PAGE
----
Events – Upcoming Presentations


Dr. Chidekel is a frequent presenter to lay and professional audiences. Please contact her if you are interested in having her present for your group. The following are popular topics:


“Warring Siblings, Second Spouses and Suddenly-Not-So-Distant Relatives: Strategies to Mitigate Escalating Litigation in Elder Law Scenarios”

When parents are aging, medical decision-making, provision of care, and distribution of inheritance can ignite conflicts among relatives that flare and accelerate with the speed and force of a forest fire. “Mature adults” behave like the children they once were. Unresolved conflicts that have lurked quietly in the background for years reconfigure in an instant around who gets to make which decision, who gets what from the estate, who knows or knew the parent best, who is most loved. Bitter rivalries, accusations and suspicions flourish in such soil. The parents who might have earlier kept the peace are now too infirm to do so. The fight leaves the family home and moves into the court system, where litigants weaponize themselves with attorneys. Money is spent, acrimony escalates. This talk will offer tools attorneys can use to help prevent and de-escalate conflicts and to move clients toward resolution before all the money is spent and any possibility of future harmony is left in ashes on the courtroom steps.

“Your Brain: A User’s Guide For Non-Neuropsychologists”

Have you recently forgotten a familiar person’s name? Do you know where your keys are?  Are you ”just not a math person”? Why do you repeat unhealthy patterns in different relationships? How do others accomplish so much while your “To Do” list looms over your “Done” pile? We rely on our brains to manage the simple and complex demands of everyday living. Fortunately, in this so-called Decade of the Brain, we have unprecedented amounts of information about how it does it. In this seminar we will talk about the most current, exciting developments in the understanding of brain-behavior relationships, and how it can help us better understand ourselves and others in day-to-day life.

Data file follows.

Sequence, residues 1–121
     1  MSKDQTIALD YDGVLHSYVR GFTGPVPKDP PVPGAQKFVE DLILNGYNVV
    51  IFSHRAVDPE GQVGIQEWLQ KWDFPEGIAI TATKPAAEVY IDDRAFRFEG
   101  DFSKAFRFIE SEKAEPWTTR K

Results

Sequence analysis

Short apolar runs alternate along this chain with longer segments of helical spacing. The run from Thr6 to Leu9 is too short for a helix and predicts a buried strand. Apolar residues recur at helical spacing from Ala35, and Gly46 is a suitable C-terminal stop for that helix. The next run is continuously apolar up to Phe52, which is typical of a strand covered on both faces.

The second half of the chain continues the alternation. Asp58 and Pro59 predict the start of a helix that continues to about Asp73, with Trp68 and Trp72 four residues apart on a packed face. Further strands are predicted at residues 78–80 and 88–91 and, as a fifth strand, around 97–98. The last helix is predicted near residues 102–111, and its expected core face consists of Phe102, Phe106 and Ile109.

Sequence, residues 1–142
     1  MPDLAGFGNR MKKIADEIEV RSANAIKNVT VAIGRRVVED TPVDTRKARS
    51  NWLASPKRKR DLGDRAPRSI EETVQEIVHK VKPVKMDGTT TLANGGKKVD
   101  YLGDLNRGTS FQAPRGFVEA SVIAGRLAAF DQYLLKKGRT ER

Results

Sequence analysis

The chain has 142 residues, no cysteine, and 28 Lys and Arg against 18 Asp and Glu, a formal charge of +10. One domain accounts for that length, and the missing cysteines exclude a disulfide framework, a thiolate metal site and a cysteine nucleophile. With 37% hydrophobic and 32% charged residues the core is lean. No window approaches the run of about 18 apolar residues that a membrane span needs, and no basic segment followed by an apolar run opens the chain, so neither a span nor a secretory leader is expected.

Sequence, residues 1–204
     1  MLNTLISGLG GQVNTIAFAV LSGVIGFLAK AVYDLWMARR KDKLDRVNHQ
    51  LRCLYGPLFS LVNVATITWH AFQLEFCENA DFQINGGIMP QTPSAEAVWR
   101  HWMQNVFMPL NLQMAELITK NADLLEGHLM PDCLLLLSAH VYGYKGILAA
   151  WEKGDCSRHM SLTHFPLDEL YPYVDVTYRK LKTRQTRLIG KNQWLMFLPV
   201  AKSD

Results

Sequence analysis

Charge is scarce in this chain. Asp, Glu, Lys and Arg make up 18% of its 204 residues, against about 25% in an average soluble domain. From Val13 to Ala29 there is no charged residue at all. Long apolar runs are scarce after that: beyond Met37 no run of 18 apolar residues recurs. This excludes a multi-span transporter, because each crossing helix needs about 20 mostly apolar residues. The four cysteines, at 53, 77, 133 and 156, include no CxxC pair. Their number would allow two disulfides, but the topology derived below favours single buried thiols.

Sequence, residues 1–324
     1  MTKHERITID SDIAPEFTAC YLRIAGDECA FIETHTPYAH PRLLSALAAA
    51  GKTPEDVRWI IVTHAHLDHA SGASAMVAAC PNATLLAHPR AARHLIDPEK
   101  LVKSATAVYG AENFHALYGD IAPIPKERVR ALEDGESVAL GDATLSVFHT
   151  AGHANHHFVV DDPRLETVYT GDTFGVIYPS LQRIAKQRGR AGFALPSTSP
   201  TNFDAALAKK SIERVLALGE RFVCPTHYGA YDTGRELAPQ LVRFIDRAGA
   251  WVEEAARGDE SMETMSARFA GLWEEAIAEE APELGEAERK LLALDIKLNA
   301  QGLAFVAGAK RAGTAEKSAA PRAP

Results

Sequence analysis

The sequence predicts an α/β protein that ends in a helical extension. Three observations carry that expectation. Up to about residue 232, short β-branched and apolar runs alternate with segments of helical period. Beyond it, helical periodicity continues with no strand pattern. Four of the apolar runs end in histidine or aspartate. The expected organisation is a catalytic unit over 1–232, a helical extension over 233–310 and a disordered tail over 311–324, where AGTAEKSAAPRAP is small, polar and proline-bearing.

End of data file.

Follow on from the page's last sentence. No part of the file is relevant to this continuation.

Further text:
“From ‘Where did I put my keys?’ to ‘What keys?’ Signs that Your Clients May Be Losing Capacity” 

Cognitive changes occur with normal aging. But where’s the line between normal changes and pathology that significantly (and legally) affects a client’s decision-making?  And how can you tell the difference between cognitive deterioration due to dementia, and cognitive change associated with depression that does not have roots in neurodegeneration (and is treatable)? Appreciating these distinctions will allow professionals who serve elders to feel more confident in understanding their client’s behavior and in discerning the thresholds at which they need to pursue a more formal assessment on his or her behalf.

“Does a Fish Know It’s in Water? How Our Invisible Assumptions Determine What We See”

Our brains are continually engaged in solving a selection problem. We can’t take in everything around us.  To what do we attend? What do we screen out?  These “decisions” are invisible. They’re the products of our particular neurologies and of the habits of thinking that each of us begins to develop in infancy, before we’re even aware of thinking. Habits of thinking are adaptive for survival because they make the world knowable and predictable. But they limit us as well.  In this presentation, we’ll talk about how and we develop in the ways we do, and how we can to expand our range of thinking and perceiving beyond the limitations of which we’re not aware.